Sleep. No one seems to get enough of it.
Whether you’re a college kid burning the candle at both ends, a working parent juggling family responsibilities, or a career-minded professional just trying to get ahead, sleep tends to get the short-shrift.
Our modern lives keep us busy, busy, busy and sleep often gets side-lined in favor of working that extra job, adding one more event to the schedule, or simply getting the laundry done. Even if there’s time for shut-eye, many physical and emotional conditions can impact our ability to fall and stay asleep.
Why is sleep important? Aside from the obvious benefit of waking well-rested and ready to tackle the day, getting a good night’s sleep is important in supporting bodily functions such as tissue repair, hormone regulation and metabolism. Sleep is also vitally important for brain health, giving our brains a chance to “take out the trash” and strengthen cell pathways to consolidate memories and learning. On the other hand, not getting enough sleep can do some real damage. Poor or insufficient sleep has been shown to increase the risk for type 2 diabetes, cardiovascular disease, depression and obesity.
How much sleep should we be getting? According to the Centers for Disease Control and Prevention (CDC), adults 18 to 60 years old should be getting AT LEAST 7 hours of sleep per night. And the amount of sleep needed is even higher at either side of the spectrum with children, teens and older adults requiring substantially more shut-eye. See the full chart here: https://www.cdc.gov/sleep/about_sleep/how_much_sleep.html
Not just quantity, also quality. Do you get enough time in bed but still feel exhausted the next day? Sleep apnea is just one of many disorders which can impact quality of sleep. It's estimated that over 22 million Americans suffer from sleep apnea, resulting in interrupted and non-restorative sleep patterns which are often due to an interruption in breathing. Sleep apnea can lead to serious health complications and has been linked to cardiovascular disease, the leading cause of death in this country. Luckily, screening and treatment are available for this and other sleep conditions, so it is important to follow-up with a health-care provide if you or a family member is at risk.
Improve sleep hygiene. Most folks wouldn’t think of going to bed without changing into sleepwear, brushing their teeth and setting the morning alarm, but have you considered other habits that may be impacting your quality of sleep? Create an oasis that's cool, dark and free from distractions. If noise tends to bother you, invest in some ear plugs. Too quiet? A white-noise machine or relaxation track may help. Maintaining a peaceful sleeping environment and a consistent nighttime ritual will signal your brain and body that it’s time for rest.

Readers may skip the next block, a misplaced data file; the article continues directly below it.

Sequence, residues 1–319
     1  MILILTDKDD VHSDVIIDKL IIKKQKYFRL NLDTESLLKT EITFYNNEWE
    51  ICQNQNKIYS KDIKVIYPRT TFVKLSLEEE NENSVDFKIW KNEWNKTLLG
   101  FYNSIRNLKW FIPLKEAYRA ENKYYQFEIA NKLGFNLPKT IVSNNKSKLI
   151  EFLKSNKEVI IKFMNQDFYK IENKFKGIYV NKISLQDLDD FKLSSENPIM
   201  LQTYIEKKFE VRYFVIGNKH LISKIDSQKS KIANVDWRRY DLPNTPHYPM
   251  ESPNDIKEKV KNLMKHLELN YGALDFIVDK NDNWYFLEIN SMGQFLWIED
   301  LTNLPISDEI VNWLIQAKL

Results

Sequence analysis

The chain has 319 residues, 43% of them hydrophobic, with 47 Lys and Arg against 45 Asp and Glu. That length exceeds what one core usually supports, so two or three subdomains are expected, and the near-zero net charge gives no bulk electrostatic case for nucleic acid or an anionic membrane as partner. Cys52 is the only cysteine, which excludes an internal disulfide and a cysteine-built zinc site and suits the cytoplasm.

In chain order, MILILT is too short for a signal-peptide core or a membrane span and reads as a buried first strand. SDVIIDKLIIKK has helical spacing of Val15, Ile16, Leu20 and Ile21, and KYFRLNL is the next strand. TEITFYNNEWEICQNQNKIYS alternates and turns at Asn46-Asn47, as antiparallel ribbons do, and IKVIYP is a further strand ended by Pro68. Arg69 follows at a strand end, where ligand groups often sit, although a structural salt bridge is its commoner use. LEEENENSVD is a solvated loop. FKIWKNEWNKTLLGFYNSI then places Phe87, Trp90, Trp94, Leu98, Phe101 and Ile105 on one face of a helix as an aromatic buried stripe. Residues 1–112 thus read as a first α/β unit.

Cut back on screen time. Though we often use it to relax, too much TV and computer time can also keep us from getting the important hours of restful sleep we need. Artificial light and specifically blue light emitted by electronic devices has been shown to disrupt our natural circadian rhythms - the body’s biological clock. Try unplugging an hour earlier than you normally would. Sound impossible? Start with 15 minutes and work up from there. Turn off the TV, power down the laptop and silence your phone – this isn’t the time to catch up on Facebook posts. If you find it difficult to relax, try doing something less stimulating like listening to music, writing in a journal, reading a book or even washing the dishes.
Limit caffeine and alcohol. You may think it’s unlikely that an afternoon latte or cola could impact sleep 8 hours later... but it can. Although variable from person to person, caffeine has an average half-life of 5 to 6 hours, meaning that it takes that long to clear just HALF the stimulant from your system. Do the math and you’ll see that it’s very possible you’re still feeling the effects when it’s time to hit the hay. If you're having trouble sleeping also consider your evening cocktail. Alcohol can make you feel tired at first but, as your body metabolizes it during the night, you may experience restlessness and find your sleep interrupted – not to mention extra trips to the bathroom.
There's no shortage of tips and tricks for promoting a restful night’s sleep (including counting sheep) but the most important strategy is the one that works for you. Make sleep a priority by paying attention to your daily routine and experimenting with changes that make sense to you. Discover the habits that fit your personality and lifestyle. Your efforts will likely be rewarded with a better night’s sleep, and a more enjoyable and productive day ahead.